Anyone who has bought flowers on Valentine’s Day knows the scene: lots of mildly frantic men crowding into the florist or grocery store or deli, overpaying for somewhat sad-looking roses. It doesn’t take an economics degree to know what’s going on — with an estimated $3.3 billion in demand crammed into a couple of days, prices soar and quality slides.
To get a better bouquet for a lower price, order your flowers before Feb. 1. “The people who order early get a huge benefit,” says Farbod Shoraka, CEO of BloomNation, an online network of local florists. Prices, especially for in-demand roses, begin escalating in February.
For those keeping track, the average amount spent on Valentine’s flowers is $75 per household, says Prince& Prince, a floral market research firm. To get the best flowers for your money, follow these strategies:
Get Moving: “Surprisingly, most people wait until February 13 to buy, when prices have have jumped two-or-three times normal and the best shops are out of quality blooms, Shoraka says, “If a florist has 200 orders and you’re calling at the last minute, they can’t handle that order anymore.”
Be Skeptical of “Sales”: Make sure a deal is a deal: Florists and big online distributors like 1-800-Flowers or FTD may offer big pre-holiday deals, but like many retailers, those discounts are probably on inflated prices. You may be better off with specialty retailers such as Organic Bouquet, which rewards members with a discount ahead of holidays instead of advertising markdowns on the site, says Robert McLaughlin, CEO. www.organicbouquet.com A 25% discount went out this week, good through Saturday.
Think Beyond the Rose: Consider that 80% of Organic Bouquet’s customers buy roses on Valentine’s Day. The looming Valentine’s rush sets complex industry forces in motion, says McLaughlin, including the need for extra flower-filled airplane flights from the growing regions of South America (flights that often return south empty). What’s more, meeting demand in February means stifling supply in earlier months. Growers pinch off buds from plants in November to spur bud growth by February: the spike in prices makes up for the slack in sales, McLaughlin says.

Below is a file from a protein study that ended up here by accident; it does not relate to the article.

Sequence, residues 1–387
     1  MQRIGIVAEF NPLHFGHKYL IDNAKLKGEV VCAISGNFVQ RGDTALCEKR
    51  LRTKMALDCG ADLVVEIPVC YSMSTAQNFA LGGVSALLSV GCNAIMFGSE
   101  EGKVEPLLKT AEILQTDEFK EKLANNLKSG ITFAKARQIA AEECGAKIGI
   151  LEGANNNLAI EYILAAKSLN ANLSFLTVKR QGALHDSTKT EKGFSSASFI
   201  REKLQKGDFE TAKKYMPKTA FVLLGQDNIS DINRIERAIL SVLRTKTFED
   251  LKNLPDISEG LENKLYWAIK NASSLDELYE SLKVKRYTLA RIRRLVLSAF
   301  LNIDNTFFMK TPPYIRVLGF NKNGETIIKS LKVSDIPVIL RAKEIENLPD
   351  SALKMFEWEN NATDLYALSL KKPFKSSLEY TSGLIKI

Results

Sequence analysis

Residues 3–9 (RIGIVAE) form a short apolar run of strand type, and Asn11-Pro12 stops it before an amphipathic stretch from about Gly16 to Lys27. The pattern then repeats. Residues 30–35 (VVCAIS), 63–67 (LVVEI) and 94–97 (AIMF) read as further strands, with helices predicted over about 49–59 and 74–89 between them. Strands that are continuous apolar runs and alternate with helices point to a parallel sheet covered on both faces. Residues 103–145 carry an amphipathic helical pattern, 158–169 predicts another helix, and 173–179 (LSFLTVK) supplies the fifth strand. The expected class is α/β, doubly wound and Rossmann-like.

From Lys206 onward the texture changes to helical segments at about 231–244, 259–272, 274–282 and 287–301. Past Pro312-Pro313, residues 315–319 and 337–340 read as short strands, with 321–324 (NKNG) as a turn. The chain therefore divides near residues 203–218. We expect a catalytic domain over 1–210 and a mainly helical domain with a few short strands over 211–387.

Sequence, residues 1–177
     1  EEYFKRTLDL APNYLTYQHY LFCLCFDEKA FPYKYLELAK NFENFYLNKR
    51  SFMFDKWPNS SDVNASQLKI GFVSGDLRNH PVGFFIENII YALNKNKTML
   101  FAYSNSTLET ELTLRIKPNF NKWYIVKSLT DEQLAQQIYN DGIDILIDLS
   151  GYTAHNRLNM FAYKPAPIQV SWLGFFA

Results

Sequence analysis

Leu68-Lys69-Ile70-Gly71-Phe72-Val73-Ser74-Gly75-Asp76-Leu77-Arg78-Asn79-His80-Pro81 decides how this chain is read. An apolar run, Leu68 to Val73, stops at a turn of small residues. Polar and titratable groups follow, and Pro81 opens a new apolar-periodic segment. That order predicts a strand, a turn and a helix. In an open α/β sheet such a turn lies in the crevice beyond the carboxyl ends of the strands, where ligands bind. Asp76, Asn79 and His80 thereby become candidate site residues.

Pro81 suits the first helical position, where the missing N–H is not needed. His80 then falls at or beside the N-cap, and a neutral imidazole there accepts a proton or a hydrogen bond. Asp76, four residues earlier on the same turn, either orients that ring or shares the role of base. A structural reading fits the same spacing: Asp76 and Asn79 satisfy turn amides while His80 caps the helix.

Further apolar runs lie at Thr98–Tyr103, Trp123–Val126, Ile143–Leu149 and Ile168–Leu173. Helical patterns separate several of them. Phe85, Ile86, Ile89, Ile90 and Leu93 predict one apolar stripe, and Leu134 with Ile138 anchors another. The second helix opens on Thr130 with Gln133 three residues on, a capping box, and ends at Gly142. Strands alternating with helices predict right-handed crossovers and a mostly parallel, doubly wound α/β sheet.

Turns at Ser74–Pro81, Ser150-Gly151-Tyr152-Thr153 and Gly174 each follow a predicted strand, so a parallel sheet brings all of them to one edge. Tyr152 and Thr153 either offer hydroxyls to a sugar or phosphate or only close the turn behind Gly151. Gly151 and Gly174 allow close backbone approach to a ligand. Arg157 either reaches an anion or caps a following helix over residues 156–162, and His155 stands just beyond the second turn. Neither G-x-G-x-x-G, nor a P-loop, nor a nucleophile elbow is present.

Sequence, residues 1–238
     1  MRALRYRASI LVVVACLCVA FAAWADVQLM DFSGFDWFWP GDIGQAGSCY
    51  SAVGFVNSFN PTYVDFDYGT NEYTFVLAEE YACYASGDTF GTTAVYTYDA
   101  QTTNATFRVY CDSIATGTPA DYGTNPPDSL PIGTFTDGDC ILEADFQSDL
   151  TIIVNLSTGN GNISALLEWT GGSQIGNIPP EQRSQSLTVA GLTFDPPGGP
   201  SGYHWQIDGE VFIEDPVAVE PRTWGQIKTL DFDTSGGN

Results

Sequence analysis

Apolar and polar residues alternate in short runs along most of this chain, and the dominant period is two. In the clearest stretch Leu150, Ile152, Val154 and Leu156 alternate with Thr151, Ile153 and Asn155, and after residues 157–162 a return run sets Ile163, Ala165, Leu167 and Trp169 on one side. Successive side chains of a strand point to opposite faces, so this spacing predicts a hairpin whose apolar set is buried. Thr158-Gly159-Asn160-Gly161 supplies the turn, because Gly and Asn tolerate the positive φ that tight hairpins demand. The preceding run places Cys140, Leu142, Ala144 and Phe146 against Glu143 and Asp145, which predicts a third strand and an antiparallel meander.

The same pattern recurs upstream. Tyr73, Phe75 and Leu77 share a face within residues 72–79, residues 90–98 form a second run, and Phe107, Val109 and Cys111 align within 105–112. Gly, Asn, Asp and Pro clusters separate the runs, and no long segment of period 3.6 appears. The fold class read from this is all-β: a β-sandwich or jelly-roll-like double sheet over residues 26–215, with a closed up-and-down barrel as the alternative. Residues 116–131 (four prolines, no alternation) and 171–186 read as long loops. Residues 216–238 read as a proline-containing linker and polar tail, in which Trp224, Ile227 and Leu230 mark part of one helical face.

But avoiding roses doesn’t give you a free pass to procrastinate: If 80% of customers want roses, then florists stock roses. If you want tulips or lilies, be sure to order in time for your florist to have them in stock for you, suggests BloomNation’s Shoraka.
Avoid shipping if you can: Because flowers are perishable and have to be sent at the last minute, shipping costs are sky-high. “Over 50% of the cost is all FedEx and UPS,” says McLaughlin. And if the temperature of the flowers isn’t controlled at 34-38 degrees, your beloved may end up with wilted stems on the doorstep, says Laura Hoy of Sunshine Bouquet, a Florida firm that ships to U.S. supermarkets from its farms in Columbia. You also risk flowers not being delivered on time, Hoy explains: “Over 250 million roses are grown for Valentine’s Day and there’s only 24 short hours for them to be delivered to their recipient on time.”
Buy local: If you have the time, and your recipient lives nearby, walk to your local flower shop, pick out the flowers and arrangement and have it delivered by the shop. Do this early to get the best price and selection. If you don’t have time to go yourself, consider a site like BloomNation, which provides access to about 4,000 local florists across the country that can arrange an artistic bouquet that’s hand-delivered, with 90% of the sale going to the retailer.
Hate planning ahead? Your local supermarket is a surprisingly good option — but go two days ahead “before other customers have rummaged through the selection,” says Hoy. She argues supermarket flowers are the freshest alternative because they are bought directly from growers.